# Announcement continued desc: | As a reminder, a single newline character in YAML merely ends the current line. You can insert explicit newlines anywhere, to write clean, short lines for each paragraph.
# Announcement continued desc: | When parsed by a Markdown interpreter or when rendered in a web browser, newlines are turned into inline whitespace. One exception: Double newline characters in Markdown mean an explicit paragraph separation.
Regular Events and Special Events
Events represent scheduled occasions in the life of the parish. Events are divided into two general classifications, regular and special. Regular events are intended for signature faith events which typically occur predictably on a weekly or monthly basis. These include Holy Mass, confessions, and devotions. Special events are irregular or unique events, such as socials or specially scheduled faith events. Regular events are scheduled on a day (or days) of the week, while special events are scheduled with a full calendar date.
|Times||times||No||No||List of Schedule documents|
|Day||day||Yes||No||Day or date; see below|
|Time||time||Yes||No||Time; see below|
Each event requires the Title field. The other top-level fields are optional and may be omitted. Note that the Day and Time fields belong to sub-elements of the Times list. Both fields are required for each sub-element.
Both the Title and Subtitle fields are single-line text values. Single-line text fields do not support Markdown. Include a Subtitle only if necessary for the title of the event.
The Color field specifies a color name or a hash-prefixed three- or six-digit RGB hex triplet. Hex triplets should be enclosed in single- or double-quotes, otherwise YAML interprets the initial hash character as the beginning of a comment. See https://www.w3schools.com/cssref/css_colors.asp for color names. See https://en.wikipedia.org/wiki/Web_colors#Hex_triplet for information on hex triplets. Tip: Use the Color field sparingly!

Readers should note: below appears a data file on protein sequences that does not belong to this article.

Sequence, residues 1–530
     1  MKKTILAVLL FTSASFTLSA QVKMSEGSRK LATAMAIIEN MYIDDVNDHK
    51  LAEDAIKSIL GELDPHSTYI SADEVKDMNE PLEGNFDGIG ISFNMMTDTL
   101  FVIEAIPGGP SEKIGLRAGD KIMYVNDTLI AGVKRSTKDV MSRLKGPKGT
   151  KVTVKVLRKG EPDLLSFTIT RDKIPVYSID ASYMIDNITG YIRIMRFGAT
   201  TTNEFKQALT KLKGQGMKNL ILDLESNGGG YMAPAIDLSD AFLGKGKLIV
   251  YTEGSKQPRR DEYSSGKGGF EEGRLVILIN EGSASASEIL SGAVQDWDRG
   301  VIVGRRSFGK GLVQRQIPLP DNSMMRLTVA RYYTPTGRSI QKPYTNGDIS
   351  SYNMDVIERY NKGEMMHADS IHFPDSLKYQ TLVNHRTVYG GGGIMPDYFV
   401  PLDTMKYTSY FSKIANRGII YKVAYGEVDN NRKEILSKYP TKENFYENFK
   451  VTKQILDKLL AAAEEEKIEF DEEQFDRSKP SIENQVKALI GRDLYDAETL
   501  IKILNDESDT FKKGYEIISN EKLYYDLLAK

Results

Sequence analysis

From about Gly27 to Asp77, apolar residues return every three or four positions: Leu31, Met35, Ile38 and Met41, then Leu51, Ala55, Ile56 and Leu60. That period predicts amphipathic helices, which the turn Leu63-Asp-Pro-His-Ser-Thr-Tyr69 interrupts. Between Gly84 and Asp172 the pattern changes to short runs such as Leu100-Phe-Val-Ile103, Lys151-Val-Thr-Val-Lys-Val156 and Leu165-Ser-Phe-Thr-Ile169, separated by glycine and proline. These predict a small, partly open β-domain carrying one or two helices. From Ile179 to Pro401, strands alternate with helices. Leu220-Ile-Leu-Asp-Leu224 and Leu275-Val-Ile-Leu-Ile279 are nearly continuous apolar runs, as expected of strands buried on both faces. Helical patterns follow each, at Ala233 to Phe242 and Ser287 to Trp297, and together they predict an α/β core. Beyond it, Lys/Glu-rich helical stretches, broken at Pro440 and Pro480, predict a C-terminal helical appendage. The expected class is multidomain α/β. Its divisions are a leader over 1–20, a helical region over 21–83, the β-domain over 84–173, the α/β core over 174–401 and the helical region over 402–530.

The Location field is a single-line text value. It is recommended to omit the Location field for events held inside the Cathedral main building (e.g., Holy Mass, confessions, devotions). Specify a location if the venue is somewhere other than the auditorium of the main building (e.g., the Rectory, another church, a specific area or room within the ). This could include a specific area or room inside the main building (e.g., the Sacristy) if such information would be helpful for attendees.
The Times field specifies a YAML list. Each sub-element is a Schedule document that specifies both a Day and a Time field. The purpose of the list is to allow more than one discrete day-time pair, as some events are scheduled at multiple times. Care must be taken to write the necessary indentations—the list entries (indicated by the dash syntax) are subordinate to the
times key, and each Schedule document is subordinate to its respective list entry. See the examples below. The Times list is optional and may be omitted, which allows for special cases where scheduling need not be given.
The Day and Time fields in a Schedule document are single-line text values. No specific format is defined for how days/dates and times are to be written, but a format should be adopted and applied consistently. The Day field typically specifies day(s) of the week (e.g., Sunday, Monday-Friday) for regular events, but a full calendar date for special events (e.g., June 17, 2020). The Time field specifies one or more individual times (e.g., 7:30 AM, 12:10 PM), typically the start time of an event, but may also be written as a time range (e.g., 3:00-5:00 PM, 11:00 AM-1:00 PM) where the duration or the expected end time of the event can or should be communicated.
The Descriptive field accepts multiple lines of Markdown text. The Descriptive field may be omitted entirely if appropriate. See the discussion above concerning newline preservation and indentation in YAML, and paragraph separation in Markdown.
For events needing long descriptive text, continuations are used. See the discussion above concerning Continuations. A continuation tweet always contains a Descriptive field but omits the Title field, and it must follow a primary tweet (or another continuation) in the collection. For events with continuations, it is recommended to omit the Descriptive field in the primary tweet and use continuations to provide all the descriptive text. The initial comment should indicate that the tweet is a continuation (see examples).